Damian Marley: The Youngest Veteran

Damian Marley

Damian Marley

Marley music inspires. It provokes the moral conscience and most fundamentally, it sells. Marley music has certainly created many millionaires. For Bob, the sufferers were at the emotional center of his art – he was what he sang, preached and predicted. The same can’t be said for all performers.

Marley music with dj/dancehall lyrics? Does it fit or is it a stretch? Authentic Marley music is consciousness raising – Rastafari roots and culture music. It awakens the moral conscience, uplifts, inspires and transforms. Dancehall DJ music is almshouse, sex and violence, crass materialism coupled with hype and bling; it is also the liberating voice of the voiceless from Jamaica’s impoverished in the ghettos. Damian Junior Gong Marley resides within this continuum from the beginning to end. Damian introduced himself to the world by declaring My daddy was a bedroom bully – in the Jamaican vernacular, cocks man.

There was Bob “The Tuff Gong” Marley; first son Ziggy, the designated heir apparent, who never had a chance to grow into the role; Steven, who grew up in Ziggy’s shadow as the raggamuffin (a term of endearment rather than a metaphor for his music) but became the producer who sings; Kymani, now known more for his acting than his singing; and Julian juju royal, the closest facsimile of his fathers incarnation on stage, all-be-it a taller version. Now comes Damian “Junior Gong” Marley, the 27-year-old self-described youngest veteran. The 2001 Reggae Grammy winner for his Halfway Tree CD [Motown] – a metaphor for his identity, Halfway Tree is the dividing line between uptown and the ghetto. Junior Gong is a dancehall DJ, not a singer. He doesn’t sing as much as he sing-jays, but mostly he chats DJ lyrics [p]on de mic or as he told me, jus juggle two tunes.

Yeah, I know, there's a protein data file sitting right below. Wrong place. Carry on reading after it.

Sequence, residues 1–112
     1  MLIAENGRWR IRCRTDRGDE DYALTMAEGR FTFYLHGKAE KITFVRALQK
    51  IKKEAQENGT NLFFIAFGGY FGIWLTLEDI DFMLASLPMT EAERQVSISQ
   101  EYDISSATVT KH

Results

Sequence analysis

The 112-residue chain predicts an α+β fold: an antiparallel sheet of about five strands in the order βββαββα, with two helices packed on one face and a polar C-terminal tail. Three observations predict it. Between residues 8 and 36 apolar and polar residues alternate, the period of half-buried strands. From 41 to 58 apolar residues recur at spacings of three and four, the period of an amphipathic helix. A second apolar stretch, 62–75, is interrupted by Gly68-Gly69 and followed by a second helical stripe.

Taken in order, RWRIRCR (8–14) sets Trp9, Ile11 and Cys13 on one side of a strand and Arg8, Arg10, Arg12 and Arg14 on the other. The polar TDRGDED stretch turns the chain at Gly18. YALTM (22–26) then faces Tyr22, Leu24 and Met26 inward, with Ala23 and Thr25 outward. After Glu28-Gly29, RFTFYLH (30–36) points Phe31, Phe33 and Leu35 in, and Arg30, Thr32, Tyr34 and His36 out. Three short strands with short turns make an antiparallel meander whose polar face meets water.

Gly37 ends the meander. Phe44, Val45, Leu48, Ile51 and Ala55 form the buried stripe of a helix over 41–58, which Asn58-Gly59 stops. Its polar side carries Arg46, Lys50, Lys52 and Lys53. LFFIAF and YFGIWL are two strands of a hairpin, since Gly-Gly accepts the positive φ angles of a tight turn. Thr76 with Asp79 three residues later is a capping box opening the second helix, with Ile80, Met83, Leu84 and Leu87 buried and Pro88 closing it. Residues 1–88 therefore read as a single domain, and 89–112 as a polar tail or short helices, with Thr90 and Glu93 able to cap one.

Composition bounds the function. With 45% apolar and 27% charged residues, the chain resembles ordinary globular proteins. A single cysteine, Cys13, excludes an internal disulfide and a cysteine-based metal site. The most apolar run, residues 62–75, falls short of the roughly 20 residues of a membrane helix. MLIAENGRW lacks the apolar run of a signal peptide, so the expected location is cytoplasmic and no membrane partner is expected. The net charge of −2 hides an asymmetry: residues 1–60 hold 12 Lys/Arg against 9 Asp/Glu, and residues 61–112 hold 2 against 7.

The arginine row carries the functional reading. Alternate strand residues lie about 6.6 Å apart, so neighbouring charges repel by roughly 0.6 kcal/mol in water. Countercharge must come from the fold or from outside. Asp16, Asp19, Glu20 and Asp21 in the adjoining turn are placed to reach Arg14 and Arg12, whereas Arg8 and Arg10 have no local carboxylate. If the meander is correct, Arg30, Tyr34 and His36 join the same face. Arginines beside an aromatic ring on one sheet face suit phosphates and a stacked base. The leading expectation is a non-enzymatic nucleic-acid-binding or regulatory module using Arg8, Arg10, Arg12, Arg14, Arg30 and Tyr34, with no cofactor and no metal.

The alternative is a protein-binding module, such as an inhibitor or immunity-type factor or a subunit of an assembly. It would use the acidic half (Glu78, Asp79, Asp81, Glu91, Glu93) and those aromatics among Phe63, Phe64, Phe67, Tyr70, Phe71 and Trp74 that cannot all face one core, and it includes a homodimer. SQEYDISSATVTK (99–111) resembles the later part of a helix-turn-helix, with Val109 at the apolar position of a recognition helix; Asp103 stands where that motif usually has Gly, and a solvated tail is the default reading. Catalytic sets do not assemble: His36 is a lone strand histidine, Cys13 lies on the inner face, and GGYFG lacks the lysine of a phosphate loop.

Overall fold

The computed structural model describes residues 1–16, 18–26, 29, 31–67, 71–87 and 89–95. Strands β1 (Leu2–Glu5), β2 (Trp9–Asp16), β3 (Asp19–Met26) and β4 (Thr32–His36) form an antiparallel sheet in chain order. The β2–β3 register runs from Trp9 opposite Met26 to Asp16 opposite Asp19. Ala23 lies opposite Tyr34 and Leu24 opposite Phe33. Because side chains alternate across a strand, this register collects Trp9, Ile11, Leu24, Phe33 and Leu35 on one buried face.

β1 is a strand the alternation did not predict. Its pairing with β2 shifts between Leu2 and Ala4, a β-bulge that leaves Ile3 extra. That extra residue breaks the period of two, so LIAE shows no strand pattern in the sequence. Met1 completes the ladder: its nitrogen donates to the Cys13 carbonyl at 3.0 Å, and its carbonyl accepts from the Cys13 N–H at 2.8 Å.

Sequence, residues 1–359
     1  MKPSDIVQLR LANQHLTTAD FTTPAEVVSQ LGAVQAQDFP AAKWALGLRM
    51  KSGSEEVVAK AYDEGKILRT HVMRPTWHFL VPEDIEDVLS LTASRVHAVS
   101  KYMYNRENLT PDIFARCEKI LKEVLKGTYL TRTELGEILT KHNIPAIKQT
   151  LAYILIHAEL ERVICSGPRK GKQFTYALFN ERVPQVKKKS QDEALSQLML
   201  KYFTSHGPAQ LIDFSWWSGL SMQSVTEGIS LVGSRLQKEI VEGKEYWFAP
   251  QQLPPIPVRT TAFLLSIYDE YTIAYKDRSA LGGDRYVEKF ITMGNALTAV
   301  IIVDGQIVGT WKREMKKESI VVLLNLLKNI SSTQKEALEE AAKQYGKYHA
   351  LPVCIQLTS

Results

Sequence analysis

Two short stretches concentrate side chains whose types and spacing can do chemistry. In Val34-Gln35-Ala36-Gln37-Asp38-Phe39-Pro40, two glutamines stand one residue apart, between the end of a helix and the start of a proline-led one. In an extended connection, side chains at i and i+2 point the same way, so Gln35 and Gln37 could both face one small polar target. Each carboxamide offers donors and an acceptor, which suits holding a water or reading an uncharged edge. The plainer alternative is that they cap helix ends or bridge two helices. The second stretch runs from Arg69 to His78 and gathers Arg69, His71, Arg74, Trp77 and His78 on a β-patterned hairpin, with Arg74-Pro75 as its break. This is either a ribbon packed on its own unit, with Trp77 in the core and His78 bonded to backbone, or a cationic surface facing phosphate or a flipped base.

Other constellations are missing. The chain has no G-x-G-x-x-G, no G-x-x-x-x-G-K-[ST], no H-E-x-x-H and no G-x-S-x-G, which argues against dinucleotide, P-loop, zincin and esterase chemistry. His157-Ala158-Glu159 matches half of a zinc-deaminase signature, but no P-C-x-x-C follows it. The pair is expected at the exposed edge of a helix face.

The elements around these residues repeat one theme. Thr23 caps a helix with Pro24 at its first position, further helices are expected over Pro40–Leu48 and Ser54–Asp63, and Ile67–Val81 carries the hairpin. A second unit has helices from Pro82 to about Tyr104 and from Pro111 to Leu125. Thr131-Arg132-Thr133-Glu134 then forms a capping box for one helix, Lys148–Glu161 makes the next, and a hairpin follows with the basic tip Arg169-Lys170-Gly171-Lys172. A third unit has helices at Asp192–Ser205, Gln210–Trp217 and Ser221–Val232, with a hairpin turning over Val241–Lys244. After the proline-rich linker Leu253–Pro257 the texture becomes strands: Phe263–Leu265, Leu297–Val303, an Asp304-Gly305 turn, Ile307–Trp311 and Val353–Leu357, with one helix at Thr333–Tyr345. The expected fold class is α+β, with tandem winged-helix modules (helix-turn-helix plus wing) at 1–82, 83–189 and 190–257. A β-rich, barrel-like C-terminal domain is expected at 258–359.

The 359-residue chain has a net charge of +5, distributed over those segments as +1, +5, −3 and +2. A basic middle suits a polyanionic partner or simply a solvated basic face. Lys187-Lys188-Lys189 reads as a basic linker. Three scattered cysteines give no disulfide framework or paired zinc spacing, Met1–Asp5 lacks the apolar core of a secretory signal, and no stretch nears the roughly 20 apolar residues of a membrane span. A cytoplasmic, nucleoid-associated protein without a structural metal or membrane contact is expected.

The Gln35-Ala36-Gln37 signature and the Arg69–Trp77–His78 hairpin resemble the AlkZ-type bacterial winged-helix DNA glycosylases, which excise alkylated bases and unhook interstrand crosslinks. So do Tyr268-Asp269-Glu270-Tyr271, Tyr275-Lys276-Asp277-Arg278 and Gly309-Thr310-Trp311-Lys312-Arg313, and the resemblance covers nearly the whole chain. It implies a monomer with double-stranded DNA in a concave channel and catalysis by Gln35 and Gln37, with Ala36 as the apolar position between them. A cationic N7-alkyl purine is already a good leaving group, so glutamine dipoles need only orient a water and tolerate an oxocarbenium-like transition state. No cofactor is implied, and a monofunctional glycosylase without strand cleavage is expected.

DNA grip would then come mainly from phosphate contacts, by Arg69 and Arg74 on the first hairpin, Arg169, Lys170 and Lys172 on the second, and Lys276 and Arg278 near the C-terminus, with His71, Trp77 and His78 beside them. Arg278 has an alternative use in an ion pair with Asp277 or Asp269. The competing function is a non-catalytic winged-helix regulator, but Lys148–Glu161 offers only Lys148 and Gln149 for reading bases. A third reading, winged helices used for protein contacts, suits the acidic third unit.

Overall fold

Welcome to Jamrock, his latest CD on Universal/DefJam is his most complete and best work to-date. It continues in the Halfway Tree vibe, but is more mature. Damian writes more and shares co-production credit with his brother Steven unlike his previous two CDs. The formula remains the same: combinations with the hottest acts from hip-hop and dancehall/reggae. Halfway Tree had Eve, Jimmy Cozier, Treach (Naughty by Nature), Bounty Killer, Yami Bolo and Capleton, while Jam Rock features Bobby Brown, Nas and Black Thought (The Roots) with old schoolers like Bunny Wailer and Eek-a-Mouse. The album with elements of Jazz, R&B, Blues and classical orchestration is a hybrid combination of hip-hop, dancehall, and reggae. Yet, it retains a one-drop drum and bass feel, hip-hop vibe and dancehall flow and energy. Like an energy source it is thermodynamic for all its elements. Damian won Vibe magazines 2005 Boomshot award for Caribbean music and the XM Nation Music for Best Reggae Artiste. The album received two Grammy nominations and is the hot favorite in the reggae category.

Whereas Halfway Tree introduced him, Welcome to Jamrock is Gongs attempt to further expand his base outside the reggae community. Damian is laying the groundwork for a new generation of Marley fans introducing a younger generation born after his fathers death. Damian recently completed some tour dates in the US opening for U2. Welcome to Jam Rock sold 86,000 units when it was released. The single is an undated version of Sly & Robbie/Ini Kamoze’s 80’s joint Worl-A-Reggae. The song narrates the realities of one Jamaica, much to the chagrin of that other Jamaica. (Can you cheery pick which Jamaican you want to be? Or is one solely Jamaican with all that it entails?).

Welcome to Jamrock cover

Click to purchase